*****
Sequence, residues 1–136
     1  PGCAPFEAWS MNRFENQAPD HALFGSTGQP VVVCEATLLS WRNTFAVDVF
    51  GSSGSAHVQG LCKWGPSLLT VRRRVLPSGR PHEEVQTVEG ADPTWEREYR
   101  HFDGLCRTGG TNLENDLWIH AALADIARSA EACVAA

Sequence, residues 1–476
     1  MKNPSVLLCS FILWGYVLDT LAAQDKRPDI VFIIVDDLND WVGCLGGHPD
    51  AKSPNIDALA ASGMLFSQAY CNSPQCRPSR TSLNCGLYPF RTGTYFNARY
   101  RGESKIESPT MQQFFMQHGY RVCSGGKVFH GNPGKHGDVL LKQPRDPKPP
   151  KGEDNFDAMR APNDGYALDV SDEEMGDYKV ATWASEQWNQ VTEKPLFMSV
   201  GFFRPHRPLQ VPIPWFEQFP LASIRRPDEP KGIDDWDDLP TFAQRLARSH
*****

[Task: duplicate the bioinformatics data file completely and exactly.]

Sequence, residues 1–136
     1  PGCAPFEAWS MNRFENQAPD HALFGSTGQP VVVCEATLLS WRNTFAVDVF
    51  GSSGSAHVQG LCKWGPSLLT VRRRVLPSGR PHEEVQTVEG ADPTWEREYR
   101  HFDGLCRTGG TNLENDLWIH AALADIARSA EACVAA

Sequence, residues 1–476
     1  MKNPSVLLCS FILWGYVLDT LAAQDKRPDI VFIIVDDLND WVGCLGGHPD
    51  AKSPNIDALA ASGMLFSQAY CNSPQCRPSR TSLNCGLYPF RTGTYFNARY
   101  RGESKIESPT MQQFFMQHGY RVCSGGKVFH GNPGKHGDVL LKQPRDPKPP
   151  KGEDNFDAMR APNDGYALDV SDEEMGDYKV ATWASEQWNQ VTEKPLFMSV
   201  GFFRPHRPLQ VPIPWFEQFP LASIRRPDEP KGIDDWDDLP TFAQRLARSH